The Brotherhood has rapidly evolved into a powerful political force since former Egyptian president Hosni Mubarak was ousted from power in February of last year.

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6:43pm

Thu April 5, 2012
The Two-Way

Assailing 'Disobedience,' Pope Says Women Will Not Be Ordained

Pope Benedict XVI waves as he leaves at the end of the Chrismal mass in the morning of Holy Thursday on Thursday.
Vicenzo Pinto AFP/Getty Images

In a Mass today at St. Peter's Basilica, Pope Benedict XVI delivered a scathing homily that reiterated the Catholic Church's ban on female priests.

He also criticized a group of priests who have called on their colleagues to ignore Rome. NPR's Barbara Bradley Hagerty filed this report for our Newscast unit:

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6:37pm

Thu April 5, 2012
It's All Politics

Obama's Signing Of JOBS Act Likely Won't Dim GOP Charge He's Anti-Jobs

By signing the JOBS Act, President Obama likely didn't buy himself much relief from GOP charges he's hurt job creation.
Carolyn Kaster AP

President Obama signed the Jumpstart Our Business Startups (or JOBS) Act into law Thursday, legislation meant to make it easier for entrepreneurs to get investor financing that helps them add workers. Does that mean it will be harder for Republicans to frame Obama as anti-jobs?

"Well, if it works, it will make it harder," said Craig Shirley, a longtime conservative political strategist and writer who runs a Washington, D.C.-area public-affairs firm.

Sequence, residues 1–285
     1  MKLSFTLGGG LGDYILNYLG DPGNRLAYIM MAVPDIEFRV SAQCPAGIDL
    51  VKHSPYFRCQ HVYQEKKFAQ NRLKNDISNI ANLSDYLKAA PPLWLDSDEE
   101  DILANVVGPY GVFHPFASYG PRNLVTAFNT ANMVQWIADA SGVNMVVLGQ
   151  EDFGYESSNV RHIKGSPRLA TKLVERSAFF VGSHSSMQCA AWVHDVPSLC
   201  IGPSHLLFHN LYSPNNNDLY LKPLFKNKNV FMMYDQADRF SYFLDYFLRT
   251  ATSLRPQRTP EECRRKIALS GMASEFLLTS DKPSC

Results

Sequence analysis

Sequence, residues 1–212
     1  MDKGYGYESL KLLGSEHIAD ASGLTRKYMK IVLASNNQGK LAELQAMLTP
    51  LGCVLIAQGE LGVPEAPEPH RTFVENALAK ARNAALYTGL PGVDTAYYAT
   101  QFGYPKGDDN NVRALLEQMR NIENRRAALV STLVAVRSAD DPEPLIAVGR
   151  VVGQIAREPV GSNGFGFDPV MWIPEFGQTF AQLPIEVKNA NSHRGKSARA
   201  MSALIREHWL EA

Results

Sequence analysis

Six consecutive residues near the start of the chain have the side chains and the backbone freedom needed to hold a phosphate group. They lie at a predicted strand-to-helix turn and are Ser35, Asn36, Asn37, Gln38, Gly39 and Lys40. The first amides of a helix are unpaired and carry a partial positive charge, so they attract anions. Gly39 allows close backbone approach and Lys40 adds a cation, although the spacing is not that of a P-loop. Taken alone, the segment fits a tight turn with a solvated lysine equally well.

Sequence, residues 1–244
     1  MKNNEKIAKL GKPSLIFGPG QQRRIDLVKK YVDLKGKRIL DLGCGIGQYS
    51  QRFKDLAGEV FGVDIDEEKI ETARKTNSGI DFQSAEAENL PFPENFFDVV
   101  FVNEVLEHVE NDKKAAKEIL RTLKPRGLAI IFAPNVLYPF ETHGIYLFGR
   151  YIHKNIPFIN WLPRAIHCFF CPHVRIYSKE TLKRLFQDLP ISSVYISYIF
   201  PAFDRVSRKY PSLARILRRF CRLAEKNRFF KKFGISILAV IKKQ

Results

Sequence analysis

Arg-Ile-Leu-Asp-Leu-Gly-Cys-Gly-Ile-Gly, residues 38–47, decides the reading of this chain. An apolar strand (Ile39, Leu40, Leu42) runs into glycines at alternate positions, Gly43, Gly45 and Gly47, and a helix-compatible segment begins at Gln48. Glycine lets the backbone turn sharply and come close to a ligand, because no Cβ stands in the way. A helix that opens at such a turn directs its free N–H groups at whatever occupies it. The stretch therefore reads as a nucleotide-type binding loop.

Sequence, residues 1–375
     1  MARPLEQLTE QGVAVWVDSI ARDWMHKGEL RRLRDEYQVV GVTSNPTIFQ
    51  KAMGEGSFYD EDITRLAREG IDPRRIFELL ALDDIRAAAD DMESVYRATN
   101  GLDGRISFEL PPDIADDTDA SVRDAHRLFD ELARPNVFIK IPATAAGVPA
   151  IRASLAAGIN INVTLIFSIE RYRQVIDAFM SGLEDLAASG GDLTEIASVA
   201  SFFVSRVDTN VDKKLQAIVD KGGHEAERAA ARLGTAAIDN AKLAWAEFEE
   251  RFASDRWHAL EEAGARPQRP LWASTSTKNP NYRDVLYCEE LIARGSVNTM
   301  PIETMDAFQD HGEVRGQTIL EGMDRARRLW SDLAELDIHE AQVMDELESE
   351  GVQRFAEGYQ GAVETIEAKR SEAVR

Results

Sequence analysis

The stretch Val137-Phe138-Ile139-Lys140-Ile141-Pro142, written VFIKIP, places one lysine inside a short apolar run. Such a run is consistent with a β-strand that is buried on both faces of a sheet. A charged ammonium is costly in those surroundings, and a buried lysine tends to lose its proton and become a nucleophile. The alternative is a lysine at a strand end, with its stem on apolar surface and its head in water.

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6:10pm

Thu April 5, 2012
Shots - Health Blog

New Type Of Resistant Malaria Appears On Thai-Burmese Border

A micrograph shows red blood cells infected by the malaria parasite Plasmodium falciparum.
John C. Tan AP

Malaria experts have been holding their breath and hoping it wouldn't happen. But it has.

Malaria parasites resistant to the last, best drug treatment, called artemisinin combination therapy, or ACT, are infecting people along the border of Thailand and Myanmar.

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6:04pm

Thu April 5, 2012
The Two-Way

'Enforcer' For Violent Mexican Drug Cartel Faces Life Sentence

The self described enforcer for a violent Juarez, Mexico, drug cartel has pleaded guilty to conspiracy, racketeering and murder charges that could send him away for the rest of his life.

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5:39pm

Thu April 5, 2012
It's All Politics

Conservative Leaders, Santorum Meet To Discuss Path Forward

Rick Santorum speaks Wednesday in Hollidaysburg, Pa., holding boxing gloves given to him by Pennsylvania State Sen. John Eichelberger (left). On Thursday, Santorum met in private with a group of conservative leaders to discuss next steps in his campaign.
Paul J. Richards AFP/Getty Images

Former Pennsylvania Sen. Rick Santorum met with a group of conservative leaders Thursday behind closed doors at an office in Northern Virginia. They discussed the road ahead for Santorum's Republican presidential campaign as the polls tighten in his home state of Pennsylvania, which holds its primary on April 24.

The meeting included "strategic conversations about how to get the conservative ranks to coalesce around Rick," Santorum campaign spokesman Hogan Gidley told NPR.